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Bayon Temple is the spectacular central temple of the ancient city of Angkor Thom, which is located just to the north of the famous Angkor Wat in Angkor, Cambodia.

Angkor Thom was built as a square, the sides of which run exactly north to south and east to west. Standing in the exact center of the walled city, Bayon Temple represents the intersection of heaven and earth. Built around 1190 AD by King Jayavarman VII, Bayon is a Buddhist temple but it incorporates elements of Hindu cosmology.

Bayon is known for its huge stone faces of the bodhisattva Avalokiteshvara, with one facing outward and keeping watch at each compass point. The curious smiling image, thought by many to be a portrait of Jayavarman himself, has been dubbed by some the "Mona Lisa of Southeast Asia." There are 51 smaller towers surrounding Bayon, each with four faces of its own.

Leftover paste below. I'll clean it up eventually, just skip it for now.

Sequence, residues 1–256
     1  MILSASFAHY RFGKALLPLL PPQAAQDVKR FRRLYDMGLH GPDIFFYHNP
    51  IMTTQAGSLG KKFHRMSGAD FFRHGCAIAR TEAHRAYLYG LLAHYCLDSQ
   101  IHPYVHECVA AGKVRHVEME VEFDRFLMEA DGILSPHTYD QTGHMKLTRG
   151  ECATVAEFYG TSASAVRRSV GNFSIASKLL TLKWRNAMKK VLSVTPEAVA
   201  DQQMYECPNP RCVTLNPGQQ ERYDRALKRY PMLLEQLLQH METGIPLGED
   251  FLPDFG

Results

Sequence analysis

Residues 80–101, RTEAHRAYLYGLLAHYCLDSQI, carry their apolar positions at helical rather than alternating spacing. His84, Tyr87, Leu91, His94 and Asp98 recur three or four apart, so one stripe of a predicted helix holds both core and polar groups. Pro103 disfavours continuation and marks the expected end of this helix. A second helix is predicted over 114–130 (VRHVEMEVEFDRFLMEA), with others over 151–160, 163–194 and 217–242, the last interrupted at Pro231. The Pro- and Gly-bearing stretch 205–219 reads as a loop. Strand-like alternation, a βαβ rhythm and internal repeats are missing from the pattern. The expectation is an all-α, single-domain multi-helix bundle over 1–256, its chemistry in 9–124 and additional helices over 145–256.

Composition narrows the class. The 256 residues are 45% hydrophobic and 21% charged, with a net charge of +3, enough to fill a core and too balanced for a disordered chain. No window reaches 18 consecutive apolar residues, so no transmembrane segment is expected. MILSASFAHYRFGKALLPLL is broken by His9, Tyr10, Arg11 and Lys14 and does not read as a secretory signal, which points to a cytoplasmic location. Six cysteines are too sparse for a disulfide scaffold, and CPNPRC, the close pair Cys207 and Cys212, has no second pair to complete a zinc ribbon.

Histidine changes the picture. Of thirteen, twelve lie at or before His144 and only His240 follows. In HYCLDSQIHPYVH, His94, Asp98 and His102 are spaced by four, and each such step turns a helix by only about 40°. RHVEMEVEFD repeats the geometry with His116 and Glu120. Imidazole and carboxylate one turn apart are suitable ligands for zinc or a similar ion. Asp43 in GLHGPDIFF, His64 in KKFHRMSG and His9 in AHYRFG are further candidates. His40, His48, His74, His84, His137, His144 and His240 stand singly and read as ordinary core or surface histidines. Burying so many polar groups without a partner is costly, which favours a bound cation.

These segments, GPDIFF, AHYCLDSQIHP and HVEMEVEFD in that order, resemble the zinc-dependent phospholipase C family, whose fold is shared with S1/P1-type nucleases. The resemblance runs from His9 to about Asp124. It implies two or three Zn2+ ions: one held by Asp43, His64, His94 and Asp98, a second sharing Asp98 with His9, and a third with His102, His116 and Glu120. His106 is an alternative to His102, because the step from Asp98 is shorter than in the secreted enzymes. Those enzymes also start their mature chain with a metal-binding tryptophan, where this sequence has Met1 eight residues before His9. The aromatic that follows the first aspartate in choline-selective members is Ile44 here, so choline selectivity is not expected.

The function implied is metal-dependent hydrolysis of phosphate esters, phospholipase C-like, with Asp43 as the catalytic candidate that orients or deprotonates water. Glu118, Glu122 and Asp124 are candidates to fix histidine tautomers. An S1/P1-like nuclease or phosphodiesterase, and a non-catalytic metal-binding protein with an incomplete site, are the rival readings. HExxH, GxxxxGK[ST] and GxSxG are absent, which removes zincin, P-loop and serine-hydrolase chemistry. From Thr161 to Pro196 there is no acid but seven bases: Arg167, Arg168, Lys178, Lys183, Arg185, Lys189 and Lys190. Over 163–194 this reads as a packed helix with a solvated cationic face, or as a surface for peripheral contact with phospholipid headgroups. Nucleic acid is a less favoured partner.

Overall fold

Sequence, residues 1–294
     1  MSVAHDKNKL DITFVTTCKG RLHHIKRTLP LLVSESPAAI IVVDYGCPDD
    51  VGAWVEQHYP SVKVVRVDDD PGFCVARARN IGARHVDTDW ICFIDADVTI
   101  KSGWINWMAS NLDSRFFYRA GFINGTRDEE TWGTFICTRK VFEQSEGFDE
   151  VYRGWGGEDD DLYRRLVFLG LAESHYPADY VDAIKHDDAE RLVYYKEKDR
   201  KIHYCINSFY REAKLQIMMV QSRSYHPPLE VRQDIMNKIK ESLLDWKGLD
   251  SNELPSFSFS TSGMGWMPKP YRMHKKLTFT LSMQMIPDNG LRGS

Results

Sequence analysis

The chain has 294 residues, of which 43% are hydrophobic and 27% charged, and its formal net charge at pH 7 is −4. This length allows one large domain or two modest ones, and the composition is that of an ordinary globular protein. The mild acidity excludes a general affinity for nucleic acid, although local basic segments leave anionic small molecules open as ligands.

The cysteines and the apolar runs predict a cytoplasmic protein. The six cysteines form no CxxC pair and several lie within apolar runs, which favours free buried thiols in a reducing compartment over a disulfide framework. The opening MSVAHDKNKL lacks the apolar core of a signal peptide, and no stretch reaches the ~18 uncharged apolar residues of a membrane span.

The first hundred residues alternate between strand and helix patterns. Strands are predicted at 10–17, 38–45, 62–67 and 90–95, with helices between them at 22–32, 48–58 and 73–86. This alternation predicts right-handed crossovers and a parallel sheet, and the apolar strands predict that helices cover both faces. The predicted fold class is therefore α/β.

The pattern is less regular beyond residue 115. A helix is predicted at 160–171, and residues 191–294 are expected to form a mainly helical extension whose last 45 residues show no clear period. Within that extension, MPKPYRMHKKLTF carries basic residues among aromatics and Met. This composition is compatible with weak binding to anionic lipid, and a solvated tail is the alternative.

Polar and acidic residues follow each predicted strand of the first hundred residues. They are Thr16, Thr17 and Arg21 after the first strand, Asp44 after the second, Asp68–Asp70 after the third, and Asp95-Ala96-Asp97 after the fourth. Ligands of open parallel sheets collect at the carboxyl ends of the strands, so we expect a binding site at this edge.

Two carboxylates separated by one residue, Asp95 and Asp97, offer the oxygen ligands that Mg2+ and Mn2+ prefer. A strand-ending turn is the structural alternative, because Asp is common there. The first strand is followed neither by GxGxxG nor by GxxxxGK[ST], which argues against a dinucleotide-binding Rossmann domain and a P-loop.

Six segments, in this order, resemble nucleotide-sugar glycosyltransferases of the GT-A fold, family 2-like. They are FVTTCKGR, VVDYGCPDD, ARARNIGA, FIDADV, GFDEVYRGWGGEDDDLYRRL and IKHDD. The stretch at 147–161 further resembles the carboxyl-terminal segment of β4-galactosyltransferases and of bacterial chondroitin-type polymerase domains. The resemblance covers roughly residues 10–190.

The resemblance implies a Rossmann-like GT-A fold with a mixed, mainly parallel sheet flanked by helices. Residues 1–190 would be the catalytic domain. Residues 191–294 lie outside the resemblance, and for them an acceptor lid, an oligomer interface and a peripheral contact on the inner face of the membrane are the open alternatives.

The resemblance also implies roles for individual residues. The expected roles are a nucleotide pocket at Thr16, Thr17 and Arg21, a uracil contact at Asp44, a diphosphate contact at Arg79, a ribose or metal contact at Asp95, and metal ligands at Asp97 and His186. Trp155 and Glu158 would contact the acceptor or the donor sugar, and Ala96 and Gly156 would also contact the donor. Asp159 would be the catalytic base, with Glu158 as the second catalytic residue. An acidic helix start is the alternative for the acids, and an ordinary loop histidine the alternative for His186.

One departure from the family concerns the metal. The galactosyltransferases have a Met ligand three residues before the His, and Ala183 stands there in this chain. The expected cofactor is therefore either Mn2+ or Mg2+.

Bayon Temple is surrounded by two long walls bearing an extraordinary collection of bas-relief scenes of legendary and historical events. In all, there are are total of more than 11,000 carved figures over 1.2km of wall. They were probably originally painted and gilded, but this has long since faded.

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Additional Photos by Kevin KL (kk_wpg) Silver Note Writer [C: 0 W: 0 N: 88] (361)
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